Sunday, June 9, 2019
By Keara Ette
Birth is miraculous and incredibly messy. I think that anyone present at the birth of another human being can probably attest to this. Fear, elation, pain, and perhaps even frustration accompany the mystery of birth, the mystery of new life. At the birth of each of my sons, I was anxious with excitement. Because even as I had come to expect certain things (each time, I was lucky to have my husband as well as compassionate and competent health care workers there to monitor the health of the baby and me), it was viscerally clear that we were heading into the unknown. Labor had never been exactly like this and most of all – we had never met this human being before.
The first Pentecost – with the tongues of flame revealing the Spirit’s presence hovering over the heads of the disciples – is often considered to be the Birth of the Church. Notably, no documents were signed and no leaders were named and sworn in that day. But with no institution yet developed, the Church was born out of a mission: the Holy Spirit’s entering into the followers of Christ and sending them out to bring the message of Jesus to people of all nations and welcome them into communion with God through Christ. The scene described in the scriptures is one of energy, of movement, of passion, and even of hope.
But with all of this, what we often fail to recognize or imagine is that it must also have been an incredibly messy and even chaotic scene. Filled with the Spirit, these far-from-perfect human beings head into the street to preach the Good News. And yes, they have been given the ability to speak in different languages so they can be understood by the variety of people present there. But nowhere does it say that the hundreds (or thousands) present actually agreed with what they were saying! If we want to treat that first Pentecost as an actual human event in history, we should probably consider that there were likely a few arguments that ensued that day. At least some of the audience must have been shocked or even scandalized by the crazy message of a “Son of God” who died in the most humiliating and degrading way coming back to life to reconcile humanity to the Almighty one.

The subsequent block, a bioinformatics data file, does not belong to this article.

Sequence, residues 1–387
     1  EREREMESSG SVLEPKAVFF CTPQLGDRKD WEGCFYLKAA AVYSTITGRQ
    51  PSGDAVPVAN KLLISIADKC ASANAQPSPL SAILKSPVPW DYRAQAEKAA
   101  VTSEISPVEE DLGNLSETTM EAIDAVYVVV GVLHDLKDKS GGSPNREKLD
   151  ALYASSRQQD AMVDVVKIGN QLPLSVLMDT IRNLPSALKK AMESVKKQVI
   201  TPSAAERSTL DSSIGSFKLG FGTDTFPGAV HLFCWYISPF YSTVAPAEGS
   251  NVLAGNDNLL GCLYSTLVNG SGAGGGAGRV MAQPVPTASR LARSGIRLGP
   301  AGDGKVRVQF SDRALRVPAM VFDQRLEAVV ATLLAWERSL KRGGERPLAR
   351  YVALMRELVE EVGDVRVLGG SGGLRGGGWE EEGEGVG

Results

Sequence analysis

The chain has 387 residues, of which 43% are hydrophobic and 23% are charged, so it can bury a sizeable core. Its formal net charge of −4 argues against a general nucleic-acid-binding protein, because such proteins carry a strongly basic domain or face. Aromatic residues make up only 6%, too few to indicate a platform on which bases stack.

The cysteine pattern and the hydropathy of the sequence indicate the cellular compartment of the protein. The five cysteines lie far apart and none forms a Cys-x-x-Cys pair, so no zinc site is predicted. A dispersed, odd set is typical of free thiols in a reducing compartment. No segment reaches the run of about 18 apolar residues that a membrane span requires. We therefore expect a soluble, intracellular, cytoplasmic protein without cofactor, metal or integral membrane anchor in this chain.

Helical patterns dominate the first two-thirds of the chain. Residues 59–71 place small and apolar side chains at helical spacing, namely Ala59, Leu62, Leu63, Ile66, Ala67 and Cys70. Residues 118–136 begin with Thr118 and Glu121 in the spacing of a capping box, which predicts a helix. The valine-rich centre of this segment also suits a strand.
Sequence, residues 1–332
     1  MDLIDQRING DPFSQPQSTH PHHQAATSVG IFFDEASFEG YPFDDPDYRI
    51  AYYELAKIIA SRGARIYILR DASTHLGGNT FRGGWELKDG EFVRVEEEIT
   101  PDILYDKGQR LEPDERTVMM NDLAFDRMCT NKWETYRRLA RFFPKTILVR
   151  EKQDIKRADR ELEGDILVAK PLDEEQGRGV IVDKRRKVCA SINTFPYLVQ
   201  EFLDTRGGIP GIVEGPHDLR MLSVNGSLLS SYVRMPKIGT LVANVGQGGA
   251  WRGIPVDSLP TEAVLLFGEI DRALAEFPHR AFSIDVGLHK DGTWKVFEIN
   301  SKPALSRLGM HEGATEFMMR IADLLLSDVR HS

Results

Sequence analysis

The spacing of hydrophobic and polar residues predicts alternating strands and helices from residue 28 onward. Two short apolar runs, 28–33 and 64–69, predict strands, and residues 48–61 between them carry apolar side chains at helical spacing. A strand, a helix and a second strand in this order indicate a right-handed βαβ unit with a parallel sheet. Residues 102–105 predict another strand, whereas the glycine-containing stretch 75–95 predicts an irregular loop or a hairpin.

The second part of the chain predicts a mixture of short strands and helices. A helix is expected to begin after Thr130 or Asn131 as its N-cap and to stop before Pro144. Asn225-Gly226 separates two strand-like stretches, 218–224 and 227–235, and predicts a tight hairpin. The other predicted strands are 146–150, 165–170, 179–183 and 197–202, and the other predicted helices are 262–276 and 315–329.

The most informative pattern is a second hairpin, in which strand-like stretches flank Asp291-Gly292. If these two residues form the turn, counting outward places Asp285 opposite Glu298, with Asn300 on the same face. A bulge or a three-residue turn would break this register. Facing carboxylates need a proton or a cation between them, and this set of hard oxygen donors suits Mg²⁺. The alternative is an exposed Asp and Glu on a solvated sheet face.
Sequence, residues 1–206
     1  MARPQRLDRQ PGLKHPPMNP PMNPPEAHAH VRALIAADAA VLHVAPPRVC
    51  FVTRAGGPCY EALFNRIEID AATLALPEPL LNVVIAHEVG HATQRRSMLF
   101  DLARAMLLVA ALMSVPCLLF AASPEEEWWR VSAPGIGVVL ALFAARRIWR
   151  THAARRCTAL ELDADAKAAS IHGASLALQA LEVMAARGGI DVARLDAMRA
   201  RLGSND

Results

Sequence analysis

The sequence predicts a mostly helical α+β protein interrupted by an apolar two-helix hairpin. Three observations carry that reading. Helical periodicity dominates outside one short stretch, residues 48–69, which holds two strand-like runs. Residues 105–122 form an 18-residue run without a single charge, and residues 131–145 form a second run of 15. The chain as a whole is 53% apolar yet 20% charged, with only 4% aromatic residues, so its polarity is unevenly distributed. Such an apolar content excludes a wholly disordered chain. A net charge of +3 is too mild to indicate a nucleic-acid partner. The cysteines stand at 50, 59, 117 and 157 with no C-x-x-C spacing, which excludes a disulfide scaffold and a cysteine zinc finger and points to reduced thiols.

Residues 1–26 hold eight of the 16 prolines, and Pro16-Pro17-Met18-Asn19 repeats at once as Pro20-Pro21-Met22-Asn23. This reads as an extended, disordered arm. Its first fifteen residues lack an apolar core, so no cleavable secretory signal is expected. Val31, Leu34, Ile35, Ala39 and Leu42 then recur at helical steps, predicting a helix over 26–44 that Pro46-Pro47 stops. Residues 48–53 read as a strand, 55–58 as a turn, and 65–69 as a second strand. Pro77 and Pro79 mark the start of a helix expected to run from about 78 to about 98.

Imagining the first Pentecost as messy as well as inspiring might help us build the capacity to live in hope: Hope that our current reality might birth justice and mercy. Hope that conservatives and the liberals, the traditionalists and the progressives, the pius believers and the apathetic – we are all passionately and absurdly loved by God. Hope that we might still be the community (fractured and sinful as we are) through whom the redemption of the whole human family might unfold. Because that mission of the church, born at that first Pentecost, is one that calls the believers of Christ to be led by divine grace to transform the world.
Pentecost 2019 must not be a nod to a historical and finite moment from millennia ago. Pentecost today must be a recognition that the messiness of birth goes hand in hand with its mysterious goodness and fruitfulness. Pentecost today must recognize that the Spirit refuses to stop moving, and perhaps she even moves with more force and energy when the earth and all its residents ache and cry out for a new reality to be born.
Keara Ette is the Director of Ministries at Old St. Pat’s.